I have no idea where the term “little pitchers” came from. Pitchers, like kids, hold onto a lot I suppose? I do know I put the term to good use with the other grownups in my life when one of my three comes rolling in during the re-telling of a story with adult language or themes (not that it’s a Tarantino movie around here or anything). But the older my children get, the more I find things – undesirable things, embarrassing things – coming back to me.
Yesterday, Jesse and I made the gathering of the multitudes of laundry from all corners of the house into a game. I was smirking at my own brilliance – I have yet to fully capitalize on this mini-army of child workers of mine. And by capitalize, I mean “get them to listen,” and by “workers” I mean “doing anything other than playing the iPad or the PlayStation.” I was so happy to be working in harmony with Jesse as we dragged full hampers to the laundry room, I started in on a little military boot-camp chant:
“I don’t know what I’ve been told! Jesse’s cute and really bold! He’s working hard and really fast! We love to wash and – “
Jesse: “KICK YOUR A4$%!”
This was followed by hysterical laughter. Jesse is four. F-O-U-R. He is too young to sound like Honey Boo-Boo.
Oh Lord, help me.
This kind of language is in part due to my children’s attendance at public school. No longer are my children issued demerits for bad language, as they were at last year’s Christian academy. No longer are my children reminded that bad language hurt’s God’s heart. Also, there is the “flow down” effect of Noah and his older classmates – the ones who are surfing YouTube faster than I can lock the computer down, the ones so recently motivated by what is cool and what kind of language they feel will make them “belong.” And, not to pull an Eve here and shirk my own personal responsibility, but Jesse’s father has been known to let a few colorful words fly every now and again.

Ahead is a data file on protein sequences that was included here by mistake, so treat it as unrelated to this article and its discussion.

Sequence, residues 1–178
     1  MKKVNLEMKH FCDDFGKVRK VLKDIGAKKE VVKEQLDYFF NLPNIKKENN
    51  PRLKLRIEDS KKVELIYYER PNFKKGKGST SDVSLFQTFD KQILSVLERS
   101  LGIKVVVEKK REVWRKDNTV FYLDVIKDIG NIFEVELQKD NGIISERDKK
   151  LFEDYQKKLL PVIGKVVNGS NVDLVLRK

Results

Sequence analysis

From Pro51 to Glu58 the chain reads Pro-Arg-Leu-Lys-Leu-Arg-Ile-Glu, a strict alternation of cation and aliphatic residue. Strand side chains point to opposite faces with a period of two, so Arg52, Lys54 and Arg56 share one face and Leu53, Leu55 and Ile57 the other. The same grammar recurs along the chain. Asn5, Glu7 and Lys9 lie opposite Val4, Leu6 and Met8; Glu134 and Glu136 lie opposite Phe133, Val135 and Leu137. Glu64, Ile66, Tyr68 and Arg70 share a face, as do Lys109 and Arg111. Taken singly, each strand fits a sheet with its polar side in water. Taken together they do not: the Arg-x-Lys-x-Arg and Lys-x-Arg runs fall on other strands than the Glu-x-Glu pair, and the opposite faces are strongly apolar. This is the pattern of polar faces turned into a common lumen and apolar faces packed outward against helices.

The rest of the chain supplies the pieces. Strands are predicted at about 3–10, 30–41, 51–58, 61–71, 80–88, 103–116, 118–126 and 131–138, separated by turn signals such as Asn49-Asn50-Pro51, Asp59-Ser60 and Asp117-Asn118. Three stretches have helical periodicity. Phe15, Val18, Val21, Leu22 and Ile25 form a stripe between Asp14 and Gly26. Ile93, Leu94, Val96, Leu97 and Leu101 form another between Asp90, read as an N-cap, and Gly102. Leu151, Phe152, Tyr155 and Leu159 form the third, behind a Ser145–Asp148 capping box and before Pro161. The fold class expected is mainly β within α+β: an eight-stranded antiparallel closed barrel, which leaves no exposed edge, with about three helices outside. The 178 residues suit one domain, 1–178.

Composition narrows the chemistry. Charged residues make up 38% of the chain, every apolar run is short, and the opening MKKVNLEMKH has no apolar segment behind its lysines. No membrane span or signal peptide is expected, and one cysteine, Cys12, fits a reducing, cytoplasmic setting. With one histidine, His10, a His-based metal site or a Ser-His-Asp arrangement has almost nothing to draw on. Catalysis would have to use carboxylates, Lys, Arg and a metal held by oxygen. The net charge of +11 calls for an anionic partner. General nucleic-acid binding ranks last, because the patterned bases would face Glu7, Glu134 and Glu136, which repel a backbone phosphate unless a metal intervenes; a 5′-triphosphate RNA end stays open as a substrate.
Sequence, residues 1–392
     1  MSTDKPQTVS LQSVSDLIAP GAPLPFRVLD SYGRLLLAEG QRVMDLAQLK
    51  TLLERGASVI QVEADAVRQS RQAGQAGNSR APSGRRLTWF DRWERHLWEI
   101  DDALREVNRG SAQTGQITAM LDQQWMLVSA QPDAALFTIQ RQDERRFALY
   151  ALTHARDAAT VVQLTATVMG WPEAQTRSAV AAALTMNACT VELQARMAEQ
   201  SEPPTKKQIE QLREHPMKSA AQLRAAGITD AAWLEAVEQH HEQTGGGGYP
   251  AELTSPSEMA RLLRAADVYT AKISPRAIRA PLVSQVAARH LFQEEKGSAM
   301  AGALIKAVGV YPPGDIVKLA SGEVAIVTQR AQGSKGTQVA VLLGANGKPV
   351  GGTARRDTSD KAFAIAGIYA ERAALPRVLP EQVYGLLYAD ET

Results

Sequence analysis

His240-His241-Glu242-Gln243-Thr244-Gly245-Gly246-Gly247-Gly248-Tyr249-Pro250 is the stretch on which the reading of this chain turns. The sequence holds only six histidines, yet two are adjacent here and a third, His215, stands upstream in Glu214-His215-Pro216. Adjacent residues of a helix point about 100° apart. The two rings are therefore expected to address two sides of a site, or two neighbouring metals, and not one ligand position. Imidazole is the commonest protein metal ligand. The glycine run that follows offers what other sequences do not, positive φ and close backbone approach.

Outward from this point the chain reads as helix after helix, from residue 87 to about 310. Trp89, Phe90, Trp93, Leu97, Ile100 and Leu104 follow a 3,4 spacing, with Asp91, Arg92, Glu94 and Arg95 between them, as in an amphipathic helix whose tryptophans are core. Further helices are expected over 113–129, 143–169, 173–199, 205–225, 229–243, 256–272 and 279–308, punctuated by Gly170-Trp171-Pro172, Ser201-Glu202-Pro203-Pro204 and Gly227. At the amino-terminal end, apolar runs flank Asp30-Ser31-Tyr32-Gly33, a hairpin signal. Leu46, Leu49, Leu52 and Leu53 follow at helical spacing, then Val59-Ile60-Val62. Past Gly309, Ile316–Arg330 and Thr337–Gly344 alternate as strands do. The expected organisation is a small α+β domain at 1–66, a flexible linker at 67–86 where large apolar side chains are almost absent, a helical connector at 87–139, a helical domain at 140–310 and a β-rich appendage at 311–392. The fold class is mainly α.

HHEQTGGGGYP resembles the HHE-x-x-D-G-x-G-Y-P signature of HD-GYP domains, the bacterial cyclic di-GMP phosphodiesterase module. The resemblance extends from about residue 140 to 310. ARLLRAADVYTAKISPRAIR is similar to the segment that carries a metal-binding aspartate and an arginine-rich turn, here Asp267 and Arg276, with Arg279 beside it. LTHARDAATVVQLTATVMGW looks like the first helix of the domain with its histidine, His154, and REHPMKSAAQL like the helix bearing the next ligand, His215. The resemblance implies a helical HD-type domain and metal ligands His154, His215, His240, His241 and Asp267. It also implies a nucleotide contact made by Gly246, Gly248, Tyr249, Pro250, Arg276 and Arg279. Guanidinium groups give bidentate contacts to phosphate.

My mother in law knows this all too well. When I picked her up from the airport a few years back when Noah himself was only four, we heard amidst our chatting:
“Oh f$%& it, Gran!”
I nearly ran us off the road.
I choked out an explanation: “Mom, I can assure you he did NOT hear that from me!”
She looked straight ahead, her mouth in a tight line. “Well he’s certainly never heard it from me.”
“That only leaves one person,” I blurted. “YOUR SON!”
I shouldn’t have thrown him under the bus like that. All I can say is that the serpent made me do it.
What I realized in ankle-deep kids clothes yesterday was that there is not a thing my children see or hear that doesn’t register in the tiny, open spaces of their growing hearts. What they witness, what they hear contributes to the formula of what makes them up. Every rule and edict we give them is diluted with inconsistency if we don’t live ourselves the very things we tell them to practice.
“Train up a child in the way he should go. Even when he is old he will not depart from it.” (Proverbs 22:6) (NASB)
I find myself apologizing a lot to them lately. “I shouldn’t have said that.” “Mommy made a mistake here.” It is the only way I have found to catch my mistakes before they fester into a kind of spiritual leniency, a leniency that proves harder to undo the older they get.
That conviction’s a heck of a thing.